The site of Troy was eventually rediscovered in 1873 by a colourful character named Heinrich Schliemann, a German millionaire whose passion was archaeology. Schliemann’s legacy is a mixed one. The jewelry and other artifacts he discovered in the oldest layers of the ruins were about a thousand years too old to belong to the era of the Trojan Wars, and represented the ancient indigenous Anatolian civilisation that first founded the city. In his excavations, he used dynamite in a haphazard way and destroyed much of the later levels. This, together with his reputation as something of a conman, has tarnished his image.
As we walked around the ruins with Baris explaining everything in great detail, I was fascinated and was dutifully taking notes in my head. The day was a cloudy and windy one and it had been raining earlier in the morning, freezing cold. In my mind, I had always associated Troy with a hot, sunny and dry Mediterranean climate but for much of the year the location is affected by winds from the North coming off the Black Sea, making it rainy and cold. As the site is right at the mouth of the Dardanelles where it meets the Aegean Sea, it has served as a center of trade since the Bronze Age. Artifacts from as far away as Afghanistan and Italy have been found at Troy, showing that intercontinental trade was an established phenomenon even that far back in time. It was perhaps this wealth that led the Mycenaean Greeks to attack and destroy Troy, by then inhabited by an Indo-European people called the Luwians who were related to the far more famous and predominant Anatolian power of the time, the Hittites. There is some archaeological evidence for this as the site of Troy 6 – the level belonging to the late Bronze Age – shows signs of fire damage. This event could have been part of what is known as the Bronze Age Collapse when civilisations across the Middle East and Eastern Mediterranean imploded due to a mixture of political instability, war and famine.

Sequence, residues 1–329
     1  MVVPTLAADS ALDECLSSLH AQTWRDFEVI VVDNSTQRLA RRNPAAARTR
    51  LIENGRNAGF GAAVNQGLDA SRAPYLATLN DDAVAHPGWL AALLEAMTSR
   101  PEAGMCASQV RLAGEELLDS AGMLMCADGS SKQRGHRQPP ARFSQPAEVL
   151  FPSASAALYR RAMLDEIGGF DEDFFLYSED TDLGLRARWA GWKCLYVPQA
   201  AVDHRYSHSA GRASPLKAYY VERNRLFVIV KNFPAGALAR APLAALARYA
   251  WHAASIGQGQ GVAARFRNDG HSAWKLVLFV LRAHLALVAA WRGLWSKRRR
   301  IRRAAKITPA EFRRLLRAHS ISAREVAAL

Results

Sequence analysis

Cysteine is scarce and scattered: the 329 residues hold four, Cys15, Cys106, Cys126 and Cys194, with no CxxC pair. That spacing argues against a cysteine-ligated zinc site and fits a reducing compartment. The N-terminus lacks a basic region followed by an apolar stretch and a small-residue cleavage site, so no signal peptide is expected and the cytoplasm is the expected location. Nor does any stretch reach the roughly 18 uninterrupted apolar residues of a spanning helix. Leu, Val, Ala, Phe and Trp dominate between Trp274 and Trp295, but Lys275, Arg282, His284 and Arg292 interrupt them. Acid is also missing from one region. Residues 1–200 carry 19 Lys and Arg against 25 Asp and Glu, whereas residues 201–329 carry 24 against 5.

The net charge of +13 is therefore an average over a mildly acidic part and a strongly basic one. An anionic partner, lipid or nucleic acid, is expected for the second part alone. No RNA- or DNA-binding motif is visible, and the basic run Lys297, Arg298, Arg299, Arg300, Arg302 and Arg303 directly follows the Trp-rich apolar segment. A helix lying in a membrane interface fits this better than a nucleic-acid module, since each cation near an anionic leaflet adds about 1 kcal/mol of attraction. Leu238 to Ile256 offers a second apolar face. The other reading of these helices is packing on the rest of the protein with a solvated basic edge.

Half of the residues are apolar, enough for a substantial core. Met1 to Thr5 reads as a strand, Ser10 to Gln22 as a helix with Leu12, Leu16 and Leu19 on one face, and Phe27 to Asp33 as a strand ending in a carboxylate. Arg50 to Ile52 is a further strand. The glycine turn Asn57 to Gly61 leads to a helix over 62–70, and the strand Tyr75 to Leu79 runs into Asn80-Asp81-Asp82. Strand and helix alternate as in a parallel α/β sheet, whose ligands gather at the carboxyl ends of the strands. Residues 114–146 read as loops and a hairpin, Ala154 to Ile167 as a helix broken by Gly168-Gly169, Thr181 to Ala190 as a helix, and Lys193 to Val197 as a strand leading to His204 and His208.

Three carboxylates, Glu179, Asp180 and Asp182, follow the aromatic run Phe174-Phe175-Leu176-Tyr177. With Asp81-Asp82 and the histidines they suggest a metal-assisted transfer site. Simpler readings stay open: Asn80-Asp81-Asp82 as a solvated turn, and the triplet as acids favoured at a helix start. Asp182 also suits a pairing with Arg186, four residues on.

Of the several layers that have been excavated the citadel and gate of Troy II, the parts excavated by Schliemann, are perhaps the most impressive – with the latter ones being less so, perhaps due to Schliemann’s dynamiting! After the dark age following the Bronze Age collapse, Troy was repopulated by Ionian Greeks and it is during this time that the Altar of Athena and the well preserved open air auditorium, the Odeon, were built. Later, in Roman times,
Troy gained even more significance as many prominent Roman families, including that of Julius Caesar, claimed descent from the Trojans who fled Troy after the war and supposedly settled in Italy. Many elaborate columns from the Roman era are scattered around the site and statues of the Emperors Augustus and Hadrian from Troy are now housed at the nearby Troy Museum.
After seeing the ruins and nearby museum, which in itself is quite an attraction due to not only its collection of artifacts but also its cube like modern design, Baris took us around the city of Çanakkale before we got back on the ferry and drove back to Istanbul. For a history and archaeology enthusiast, the ruins of Troy are a must-visit.